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Interparfums FY 2022: record earnings as operating profit soars 33 percent

THE WHAT? Interparfums has reported its results for the 2022 fiscal year. The fragrance giant recorded record earnings for the full year with net income up 40 percent on 2021’s figures and sales rising 26 percent to €706.6 million. THE DETAILS The company noted that it had extended its partnership with Montblanc until December 31, 2030 and, subject to the General Meeting’s ratification, hit its goal of achieving gender parity on its board. THE WHY? Philippe Benacin, Chairman and CEO, commented, “Against the backdrop of a turbulent economic and geopolitical environment, our sales and earnings continued to grow in 2022. In 2023, although many uncertainties still exist, this positive momentum should continue with sales expected to reach €750 million, driven by the continuing appeal of our brands for consumers in a global perfume market that remains buoyant.” The post Interparfums FY 2022: record earnings as operating profit soars 33 percent appeared first on Global Cosme

The Unlikely Resilience of the Calcutta Chop

The Unlikely Resilience of the Calcutta Chop

The Bengali chop might be the perfect metaphor for the British colonial era. The British forged an Empire that sought to impress its culture upon India, but was so heavily influenced by the colonized that a hybrid new form emerged. The chop traveled from English kitchens to Indian ones gathering spice, egg wash, mince, breadcrumbs, and chickpea flour until it had only the faintest resonance with its original. Along the way, it paused at that most British of institutions—the Club—which was crucial in disseminating it through Bengal.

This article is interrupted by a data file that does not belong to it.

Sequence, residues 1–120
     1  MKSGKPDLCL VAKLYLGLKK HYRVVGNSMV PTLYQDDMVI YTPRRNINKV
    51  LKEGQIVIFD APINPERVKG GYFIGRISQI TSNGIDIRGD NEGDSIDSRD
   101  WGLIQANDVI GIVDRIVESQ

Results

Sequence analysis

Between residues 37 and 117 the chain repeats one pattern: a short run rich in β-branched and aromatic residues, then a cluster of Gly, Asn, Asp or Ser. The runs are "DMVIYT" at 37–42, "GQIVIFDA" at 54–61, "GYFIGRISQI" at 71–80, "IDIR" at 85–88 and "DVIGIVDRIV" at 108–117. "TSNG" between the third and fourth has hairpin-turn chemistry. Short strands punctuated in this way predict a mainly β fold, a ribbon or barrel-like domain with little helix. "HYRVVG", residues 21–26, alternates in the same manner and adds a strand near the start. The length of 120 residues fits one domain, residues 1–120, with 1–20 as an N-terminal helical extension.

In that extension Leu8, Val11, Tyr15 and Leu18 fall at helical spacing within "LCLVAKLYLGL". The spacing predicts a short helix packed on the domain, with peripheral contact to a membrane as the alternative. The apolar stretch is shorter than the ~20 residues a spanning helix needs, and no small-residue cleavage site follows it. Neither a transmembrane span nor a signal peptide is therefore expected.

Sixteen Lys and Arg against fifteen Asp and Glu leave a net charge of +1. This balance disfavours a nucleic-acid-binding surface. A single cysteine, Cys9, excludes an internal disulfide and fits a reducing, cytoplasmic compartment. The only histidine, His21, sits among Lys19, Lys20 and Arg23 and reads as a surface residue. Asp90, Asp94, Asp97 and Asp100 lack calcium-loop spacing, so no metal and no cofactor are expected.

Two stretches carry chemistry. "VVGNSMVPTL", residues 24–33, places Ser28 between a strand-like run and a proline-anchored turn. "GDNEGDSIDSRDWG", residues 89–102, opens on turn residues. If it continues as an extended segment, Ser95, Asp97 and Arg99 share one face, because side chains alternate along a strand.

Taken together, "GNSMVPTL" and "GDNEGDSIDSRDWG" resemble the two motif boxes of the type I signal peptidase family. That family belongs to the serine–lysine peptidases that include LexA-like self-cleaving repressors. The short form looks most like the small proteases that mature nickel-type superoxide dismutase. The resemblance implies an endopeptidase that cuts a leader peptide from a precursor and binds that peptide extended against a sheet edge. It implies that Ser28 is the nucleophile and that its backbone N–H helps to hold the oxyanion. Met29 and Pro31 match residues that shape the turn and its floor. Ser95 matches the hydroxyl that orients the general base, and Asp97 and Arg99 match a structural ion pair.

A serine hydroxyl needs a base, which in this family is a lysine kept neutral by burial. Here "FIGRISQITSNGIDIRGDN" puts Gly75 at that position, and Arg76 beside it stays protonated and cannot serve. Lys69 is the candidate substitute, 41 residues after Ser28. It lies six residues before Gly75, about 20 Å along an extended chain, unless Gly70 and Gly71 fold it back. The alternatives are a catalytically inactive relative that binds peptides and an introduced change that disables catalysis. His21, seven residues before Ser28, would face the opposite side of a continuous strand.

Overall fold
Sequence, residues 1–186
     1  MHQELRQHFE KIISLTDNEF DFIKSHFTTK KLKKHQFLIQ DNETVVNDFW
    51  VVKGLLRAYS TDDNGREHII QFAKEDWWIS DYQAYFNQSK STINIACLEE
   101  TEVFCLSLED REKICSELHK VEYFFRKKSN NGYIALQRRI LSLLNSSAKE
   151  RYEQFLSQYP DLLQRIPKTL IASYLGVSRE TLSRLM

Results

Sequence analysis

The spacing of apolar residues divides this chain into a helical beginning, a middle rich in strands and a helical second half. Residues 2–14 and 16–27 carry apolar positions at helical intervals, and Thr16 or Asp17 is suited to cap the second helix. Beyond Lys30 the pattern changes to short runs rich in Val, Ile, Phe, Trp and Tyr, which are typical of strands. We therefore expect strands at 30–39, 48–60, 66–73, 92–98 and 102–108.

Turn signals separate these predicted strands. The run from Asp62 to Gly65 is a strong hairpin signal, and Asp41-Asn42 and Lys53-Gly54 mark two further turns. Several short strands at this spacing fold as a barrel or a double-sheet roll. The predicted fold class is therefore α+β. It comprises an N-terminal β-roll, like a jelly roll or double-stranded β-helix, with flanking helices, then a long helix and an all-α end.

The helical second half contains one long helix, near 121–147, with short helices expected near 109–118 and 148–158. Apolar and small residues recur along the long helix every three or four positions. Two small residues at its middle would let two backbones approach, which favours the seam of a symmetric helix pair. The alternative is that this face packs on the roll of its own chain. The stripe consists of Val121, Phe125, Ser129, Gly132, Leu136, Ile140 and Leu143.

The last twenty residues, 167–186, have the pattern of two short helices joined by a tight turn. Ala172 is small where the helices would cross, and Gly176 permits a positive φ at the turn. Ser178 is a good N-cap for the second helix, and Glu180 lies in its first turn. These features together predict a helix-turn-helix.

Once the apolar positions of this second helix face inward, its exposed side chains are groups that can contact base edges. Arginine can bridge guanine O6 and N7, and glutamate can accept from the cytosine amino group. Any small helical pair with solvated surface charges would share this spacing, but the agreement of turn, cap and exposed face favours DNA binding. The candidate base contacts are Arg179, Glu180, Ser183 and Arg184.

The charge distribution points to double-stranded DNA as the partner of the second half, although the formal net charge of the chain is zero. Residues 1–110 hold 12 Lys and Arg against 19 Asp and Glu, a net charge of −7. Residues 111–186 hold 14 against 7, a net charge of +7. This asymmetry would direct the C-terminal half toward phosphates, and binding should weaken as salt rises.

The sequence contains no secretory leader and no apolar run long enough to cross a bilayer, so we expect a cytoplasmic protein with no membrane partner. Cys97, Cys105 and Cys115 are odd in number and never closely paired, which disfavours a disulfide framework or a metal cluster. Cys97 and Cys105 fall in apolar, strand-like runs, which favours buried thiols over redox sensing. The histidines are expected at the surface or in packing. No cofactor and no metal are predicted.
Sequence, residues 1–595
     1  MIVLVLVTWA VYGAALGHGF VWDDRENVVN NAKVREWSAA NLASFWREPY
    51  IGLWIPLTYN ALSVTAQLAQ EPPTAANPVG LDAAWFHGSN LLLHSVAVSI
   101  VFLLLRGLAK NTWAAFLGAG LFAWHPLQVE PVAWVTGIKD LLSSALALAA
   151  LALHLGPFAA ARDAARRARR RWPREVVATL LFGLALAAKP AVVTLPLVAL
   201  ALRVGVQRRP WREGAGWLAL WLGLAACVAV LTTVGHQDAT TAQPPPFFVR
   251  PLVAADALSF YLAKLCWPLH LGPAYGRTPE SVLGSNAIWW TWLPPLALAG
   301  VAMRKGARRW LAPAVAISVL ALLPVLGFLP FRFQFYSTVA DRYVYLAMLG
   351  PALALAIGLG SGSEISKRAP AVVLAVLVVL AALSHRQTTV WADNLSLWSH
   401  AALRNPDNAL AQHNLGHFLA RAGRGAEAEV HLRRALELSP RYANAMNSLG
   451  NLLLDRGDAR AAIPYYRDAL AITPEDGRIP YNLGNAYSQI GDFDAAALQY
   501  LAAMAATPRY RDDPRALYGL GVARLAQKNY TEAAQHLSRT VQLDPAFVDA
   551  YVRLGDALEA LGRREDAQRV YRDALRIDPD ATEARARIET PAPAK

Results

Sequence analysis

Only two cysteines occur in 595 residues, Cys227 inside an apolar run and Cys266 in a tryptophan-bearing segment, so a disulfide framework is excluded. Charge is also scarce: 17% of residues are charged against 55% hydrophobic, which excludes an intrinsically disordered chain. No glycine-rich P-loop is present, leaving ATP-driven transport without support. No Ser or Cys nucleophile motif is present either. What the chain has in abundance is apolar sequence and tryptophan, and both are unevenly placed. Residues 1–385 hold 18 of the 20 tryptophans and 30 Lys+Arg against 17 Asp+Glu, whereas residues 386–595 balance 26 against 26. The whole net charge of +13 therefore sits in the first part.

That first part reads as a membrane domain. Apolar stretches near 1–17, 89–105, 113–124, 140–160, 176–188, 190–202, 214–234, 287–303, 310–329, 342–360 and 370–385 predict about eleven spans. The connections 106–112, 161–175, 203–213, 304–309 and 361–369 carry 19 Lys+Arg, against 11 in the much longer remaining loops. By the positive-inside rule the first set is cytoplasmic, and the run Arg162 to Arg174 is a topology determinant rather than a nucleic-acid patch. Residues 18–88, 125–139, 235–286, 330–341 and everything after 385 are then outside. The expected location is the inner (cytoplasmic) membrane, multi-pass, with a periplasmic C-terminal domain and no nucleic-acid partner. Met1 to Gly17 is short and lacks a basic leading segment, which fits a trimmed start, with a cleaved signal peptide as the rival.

Once the British subjugated India, they began prospecting for a simulacrum of home for the "preponderance of single British men, or married men living singly in India, especially in the early decades of colonial rule," writes Mrinalini Sinha in her essay, “Britishness, Clubbability, and the Colonial Public Sphere.” Clubs fulfilled this purpose splendidly, banding together to form a community. Unsurprisingly, these mirror kingdoms of Britishness functioned on exclusion and racial homogeneity. Club members—largely upper class, male, white European colonials—cupped the power of the country firmly in their hands; it was at these old seats of power that deals were brokered, policy was decided, and social connections were started or scuppered.


* This article was originally published here


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